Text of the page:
Guidelines proposed for curbing manipulation aimed at investors

PUBLISHED : Wednesday, 14 June, 2000, 12:00am
UPDATED : Wednesday, 14 June, 2000, 12:00am
 

The Hong Kong Society of Accounting (HKSA) has proposed new guidelines in a bid to prevent companies from manipulating accounts and misleading investors.


In two draft proposals sent to HKSA members yesterday, the society aims to get local accounting standards into full compliance with international guidelines, said James Fawls, the HKSA's director of professional standards.


The HKSA's draft proposal on the impairment of assets requires companies to disclose assets that have impairment losses under a prescribed set of guidelines.


An impairment loss is the amount by which the book value of an asset exceeds the amount expected to arise from the use of the asset or its value on disposal.


Companies would also be required to identify, measure and recognise impairment losses of assets under a common set of criteria.


In addition, a proposed accounting standard would prohibit companies from writing down provisions on impairment losses against reserves in balance sheets.


Instead, companies need to book impairment losses in profit-and-loss accounts.


'This is to avoid companies making excessive provisions in a good year and than writing them back in a bad one,' Mr Fawls said.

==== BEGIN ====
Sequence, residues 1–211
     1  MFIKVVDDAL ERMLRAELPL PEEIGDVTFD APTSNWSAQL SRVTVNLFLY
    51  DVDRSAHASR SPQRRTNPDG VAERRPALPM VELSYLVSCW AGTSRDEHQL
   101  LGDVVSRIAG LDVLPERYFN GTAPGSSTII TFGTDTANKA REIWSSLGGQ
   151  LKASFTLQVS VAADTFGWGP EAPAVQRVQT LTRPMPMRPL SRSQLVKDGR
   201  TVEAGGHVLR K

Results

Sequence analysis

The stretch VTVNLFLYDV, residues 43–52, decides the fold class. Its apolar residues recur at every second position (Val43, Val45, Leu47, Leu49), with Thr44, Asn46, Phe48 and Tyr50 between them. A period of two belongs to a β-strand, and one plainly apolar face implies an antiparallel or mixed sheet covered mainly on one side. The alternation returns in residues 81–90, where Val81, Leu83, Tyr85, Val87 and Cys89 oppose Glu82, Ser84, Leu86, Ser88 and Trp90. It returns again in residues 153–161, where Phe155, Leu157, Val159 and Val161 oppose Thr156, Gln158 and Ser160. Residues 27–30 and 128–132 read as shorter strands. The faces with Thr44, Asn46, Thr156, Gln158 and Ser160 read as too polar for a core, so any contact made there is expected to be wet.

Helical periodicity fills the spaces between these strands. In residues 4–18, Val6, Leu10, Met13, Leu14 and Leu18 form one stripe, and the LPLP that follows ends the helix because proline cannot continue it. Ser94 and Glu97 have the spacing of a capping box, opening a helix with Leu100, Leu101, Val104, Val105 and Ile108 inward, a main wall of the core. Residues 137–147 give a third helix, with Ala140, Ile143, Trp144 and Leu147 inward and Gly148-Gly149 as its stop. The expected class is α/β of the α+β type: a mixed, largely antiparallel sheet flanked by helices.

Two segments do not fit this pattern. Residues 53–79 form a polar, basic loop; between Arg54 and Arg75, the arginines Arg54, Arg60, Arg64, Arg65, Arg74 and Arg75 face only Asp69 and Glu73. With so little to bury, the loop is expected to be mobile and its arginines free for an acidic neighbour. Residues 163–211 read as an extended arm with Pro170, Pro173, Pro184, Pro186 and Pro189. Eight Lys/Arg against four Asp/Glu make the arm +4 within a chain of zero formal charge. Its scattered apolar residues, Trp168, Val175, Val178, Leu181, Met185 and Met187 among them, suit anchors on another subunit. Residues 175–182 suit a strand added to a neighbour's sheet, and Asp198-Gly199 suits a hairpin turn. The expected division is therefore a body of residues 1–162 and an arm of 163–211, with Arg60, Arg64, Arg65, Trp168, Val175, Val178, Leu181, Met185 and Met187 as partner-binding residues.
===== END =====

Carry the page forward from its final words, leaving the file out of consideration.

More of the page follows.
He said 'cookie jug reserves', a practice that results in overstating or understating earnings, was carried out in the United States and Britain.


Although it was not common in Hong Kong, Mr Fawls said, the HKSA wanted to take a 'preventive approach' to the problem by closing a loophole.


The HKSA's draft proposal would be required to capitalise and amortise goodwill arising from an acquisition over its estimated useful life of not more than 20 years. At present, companies are allowed to treat goodwill - the premium above a company's fair value that the acquirer paid - such as making a one-off provision for capital loss from its reserve in the balance sheets.


The lack of guidelines on the accounting treatments for impairment losses of assets and business combinations leaves room for abuse in the booking of a company's intangible assets, said Chris Chan, associate professor at the School of Business, Hong Kong University.


The proposed accounting treatments, which book impairment losses and goodwill against a company's profit-and-loss account, can better reflect a company's revenue and operations during the accounting period, he said.


Mr Chan also said the changes would benefit investors by giving them more disclosure about a company's asset valuations.


'The changes would move Hong Kong's accounting standards towards full compliance of international standards,' Mr Chan said.


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